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Geese with Stewed Prunes

01:00 Wed 26th Dec 2001 |

Q. Sounds unusual. Surely not a culinary combination

A. Could be. Roast goose with stewed prunes would probably work very well. However, in this context it has more to do with the bishops of Winchester.

Q. How so

A. 'Stewed prunes' - often shortened to 'stews' - was a slang term for the brothels of London, particularly those sited in Southwark on the south side of London Bridge opposite the City.

Q. Why stewed prunes

A. Apart from the more obvious brothel activities, bathing often took place, and the clients were deemed to be stewed like prunes once their fingertips became all wrinkled. Also, prunes were thought to be a cure for venereal disease in Elizabethan England, and it was common for a jar of the fruit to be displayed on the front window-sill of such establishments. Consequently, stewed prunes became a symbol of infidelity, as exemplified in Henry IV, when Falstaff tells Mistress Quickly that 'There's no more faith in thee than in a stewed prune.'

Q. How do the bishops fit in

A. Between the 12th and 15th centuries the Bishopric of Winchester was landlord of at least 22 brothels in Southwark. In 1161 Henry II, prompted by an epidemic of syphilis in London, attempted to bring in legislation to curb the activities of the stews, and he specifically named 'the Government of the Stewholders in Suthwarke under the direccion of the Bishoppe of Winchester'.

It seems pretty astonishing today, but the Medieval church was far more likely to be involved in secular matters than its modern counterpart. It should be remembered, however, that the Church of England remains a landlord of some considerable substance.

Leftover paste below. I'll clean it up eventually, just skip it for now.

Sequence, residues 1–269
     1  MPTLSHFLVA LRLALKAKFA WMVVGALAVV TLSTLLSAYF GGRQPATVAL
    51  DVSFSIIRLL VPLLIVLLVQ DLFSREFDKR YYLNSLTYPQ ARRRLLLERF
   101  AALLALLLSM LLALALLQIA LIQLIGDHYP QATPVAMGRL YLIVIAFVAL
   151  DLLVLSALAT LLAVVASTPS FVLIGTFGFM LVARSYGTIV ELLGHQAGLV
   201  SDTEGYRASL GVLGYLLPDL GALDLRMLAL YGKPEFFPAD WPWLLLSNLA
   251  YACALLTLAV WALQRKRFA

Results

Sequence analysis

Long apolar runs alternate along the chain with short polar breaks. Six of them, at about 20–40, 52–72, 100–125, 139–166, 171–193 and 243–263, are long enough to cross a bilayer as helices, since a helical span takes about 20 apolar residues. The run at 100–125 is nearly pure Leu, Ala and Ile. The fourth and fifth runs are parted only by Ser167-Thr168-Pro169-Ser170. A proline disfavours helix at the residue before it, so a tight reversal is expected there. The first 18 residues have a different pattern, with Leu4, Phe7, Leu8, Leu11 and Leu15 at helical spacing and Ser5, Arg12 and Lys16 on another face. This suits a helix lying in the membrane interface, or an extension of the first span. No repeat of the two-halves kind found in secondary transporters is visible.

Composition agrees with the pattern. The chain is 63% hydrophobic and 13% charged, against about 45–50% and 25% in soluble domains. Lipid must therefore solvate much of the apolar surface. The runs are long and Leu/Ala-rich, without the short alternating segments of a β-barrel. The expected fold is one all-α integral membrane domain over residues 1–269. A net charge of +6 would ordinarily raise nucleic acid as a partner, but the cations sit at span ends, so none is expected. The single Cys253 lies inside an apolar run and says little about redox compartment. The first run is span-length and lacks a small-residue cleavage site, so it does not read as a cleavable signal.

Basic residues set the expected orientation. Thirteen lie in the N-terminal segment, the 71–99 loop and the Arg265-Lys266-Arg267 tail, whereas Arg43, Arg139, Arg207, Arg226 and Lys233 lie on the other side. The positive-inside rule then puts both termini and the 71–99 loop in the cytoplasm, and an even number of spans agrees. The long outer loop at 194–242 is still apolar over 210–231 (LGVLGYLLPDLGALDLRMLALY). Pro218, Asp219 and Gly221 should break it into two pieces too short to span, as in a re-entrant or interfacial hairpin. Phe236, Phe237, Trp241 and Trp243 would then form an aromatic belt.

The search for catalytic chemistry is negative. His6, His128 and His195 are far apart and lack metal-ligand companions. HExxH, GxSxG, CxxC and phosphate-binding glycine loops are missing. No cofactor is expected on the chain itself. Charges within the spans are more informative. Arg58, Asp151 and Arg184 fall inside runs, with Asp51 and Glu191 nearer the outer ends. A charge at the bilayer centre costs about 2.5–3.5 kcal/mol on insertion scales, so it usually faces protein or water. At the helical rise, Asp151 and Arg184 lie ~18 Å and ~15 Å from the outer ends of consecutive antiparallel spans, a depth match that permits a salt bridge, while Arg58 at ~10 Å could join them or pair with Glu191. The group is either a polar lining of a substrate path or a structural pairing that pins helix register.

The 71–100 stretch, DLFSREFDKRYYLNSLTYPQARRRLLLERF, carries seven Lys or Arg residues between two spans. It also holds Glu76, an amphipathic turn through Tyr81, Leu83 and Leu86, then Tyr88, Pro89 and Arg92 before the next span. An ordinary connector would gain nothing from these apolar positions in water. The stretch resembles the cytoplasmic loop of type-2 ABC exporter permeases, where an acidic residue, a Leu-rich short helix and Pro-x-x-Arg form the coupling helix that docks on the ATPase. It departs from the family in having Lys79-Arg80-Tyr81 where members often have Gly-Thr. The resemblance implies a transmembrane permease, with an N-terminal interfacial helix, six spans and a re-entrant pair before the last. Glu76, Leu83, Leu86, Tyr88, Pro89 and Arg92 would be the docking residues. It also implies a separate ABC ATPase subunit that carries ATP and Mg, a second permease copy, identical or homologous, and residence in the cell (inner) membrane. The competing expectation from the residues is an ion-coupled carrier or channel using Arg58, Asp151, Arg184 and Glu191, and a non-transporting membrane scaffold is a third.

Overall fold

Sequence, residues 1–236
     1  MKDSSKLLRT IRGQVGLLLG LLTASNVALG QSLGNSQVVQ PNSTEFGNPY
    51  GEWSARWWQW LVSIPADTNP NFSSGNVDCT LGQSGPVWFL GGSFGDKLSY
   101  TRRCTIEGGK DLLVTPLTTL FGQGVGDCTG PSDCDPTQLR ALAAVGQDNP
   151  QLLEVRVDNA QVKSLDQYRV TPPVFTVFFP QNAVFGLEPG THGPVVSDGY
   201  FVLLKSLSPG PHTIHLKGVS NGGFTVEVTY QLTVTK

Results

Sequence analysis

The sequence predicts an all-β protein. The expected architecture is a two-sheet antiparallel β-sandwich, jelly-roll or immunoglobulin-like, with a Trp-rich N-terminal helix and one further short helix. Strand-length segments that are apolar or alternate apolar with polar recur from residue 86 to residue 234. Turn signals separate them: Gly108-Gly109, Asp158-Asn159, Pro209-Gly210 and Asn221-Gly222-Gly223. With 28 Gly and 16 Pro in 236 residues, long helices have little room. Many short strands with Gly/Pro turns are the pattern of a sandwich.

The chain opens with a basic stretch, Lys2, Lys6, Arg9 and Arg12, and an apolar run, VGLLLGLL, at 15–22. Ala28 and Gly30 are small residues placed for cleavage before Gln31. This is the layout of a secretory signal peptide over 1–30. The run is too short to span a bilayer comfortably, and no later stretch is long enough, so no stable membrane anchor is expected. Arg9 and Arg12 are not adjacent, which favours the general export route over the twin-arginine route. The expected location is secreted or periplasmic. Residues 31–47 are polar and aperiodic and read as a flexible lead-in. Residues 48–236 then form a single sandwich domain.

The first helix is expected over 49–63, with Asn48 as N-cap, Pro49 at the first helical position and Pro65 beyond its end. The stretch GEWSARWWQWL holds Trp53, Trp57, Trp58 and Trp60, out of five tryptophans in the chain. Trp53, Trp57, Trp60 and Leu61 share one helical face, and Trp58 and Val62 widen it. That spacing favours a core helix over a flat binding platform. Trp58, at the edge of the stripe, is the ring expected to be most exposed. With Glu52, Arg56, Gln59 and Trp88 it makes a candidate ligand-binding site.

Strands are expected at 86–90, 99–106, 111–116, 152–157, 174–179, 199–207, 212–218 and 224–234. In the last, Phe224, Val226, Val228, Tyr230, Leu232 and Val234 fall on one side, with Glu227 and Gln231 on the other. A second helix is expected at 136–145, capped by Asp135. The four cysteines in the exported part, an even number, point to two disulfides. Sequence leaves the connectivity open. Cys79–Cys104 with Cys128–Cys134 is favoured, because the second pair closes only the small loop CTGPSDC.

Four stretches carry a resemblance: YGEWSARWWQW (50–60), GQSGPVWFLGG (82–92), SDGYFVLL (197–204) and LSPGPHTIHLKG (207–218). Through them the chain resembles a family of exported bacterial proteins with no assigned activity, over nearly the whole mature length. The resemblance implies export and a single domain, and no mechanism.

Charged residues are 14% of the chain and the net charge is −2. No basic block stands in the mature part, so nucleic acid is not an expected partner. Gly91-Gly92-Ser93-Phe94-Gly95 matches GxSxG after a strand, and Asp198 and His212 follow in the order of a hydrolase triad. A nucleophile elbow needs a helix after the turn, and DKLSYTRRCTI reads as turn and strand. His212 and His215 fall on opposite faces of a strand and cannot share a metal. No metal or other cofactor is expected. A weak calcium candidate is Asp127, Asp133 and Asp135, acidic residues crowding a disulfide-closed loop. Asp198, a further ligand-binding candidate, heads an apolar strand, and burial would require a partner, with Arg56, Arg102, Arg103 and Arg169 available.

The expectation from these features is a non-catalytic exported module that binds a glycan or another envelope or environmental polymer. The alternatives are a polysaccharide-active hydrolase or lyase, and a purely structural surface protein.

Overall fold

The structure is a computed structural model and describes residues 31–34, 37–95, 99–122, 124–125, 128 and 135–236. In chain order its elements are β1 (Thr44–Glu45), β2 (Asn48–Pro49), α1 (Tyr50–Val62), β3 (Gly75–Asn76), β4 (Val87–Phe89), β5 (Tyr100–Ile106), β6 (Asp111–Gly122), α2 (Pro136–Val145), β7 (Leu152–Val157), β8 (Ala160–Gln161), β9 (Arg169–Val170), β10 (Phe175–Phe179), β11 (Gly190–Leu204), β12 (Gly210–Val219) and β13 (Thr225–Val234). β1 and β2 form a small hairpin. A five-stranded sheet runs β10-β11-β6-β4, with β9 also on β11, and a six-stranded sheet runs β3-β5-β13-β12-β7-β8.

Q. Where do the geese come into it

A. In the same ordinance it stated that any man who didn't manage to get over the river and back into London by the time of the curfew, after dallying too long with the 'Winchester geese', should be allowed to return to the stew and claim lodging for the night.

Q. And a brief history of Southwark as a pleasure zone

A. Modern Southwark is a borough comprising the old boroughs of Southwark, Camberwell and Bermondsey. Old Southwark, also known traditionally as 'The Borough', was from 1295 to 1547 the only town besides the City in the present Greater London area to be represented in Parliament, only becoming part of London proper 1327, when it became known as the Bridge Ward Without.

Apart from the stews Southwark was known for its many inns, theatres, spas, country resorts and other less savoury places of entertainment, such as bear pits. Chaucer's Canterbury pilgrims started their journey from the Tabard Inn in Borough High Street, and many of Shakespeare's plays were first produced at the Globe Theatre on Bankside, a replica of which was built in the 1990s and is now a popular London tourist attraction.

If you're interested in finding out more about this, it would be worth trying to locate a book called The Bishop's Brothels by E.J. Burford. It's currently out of print, but there may be some copies around.

See also the answerbank articles on geese and the place names of London

For more on Phrases & Sayings click here

By Simon Smith

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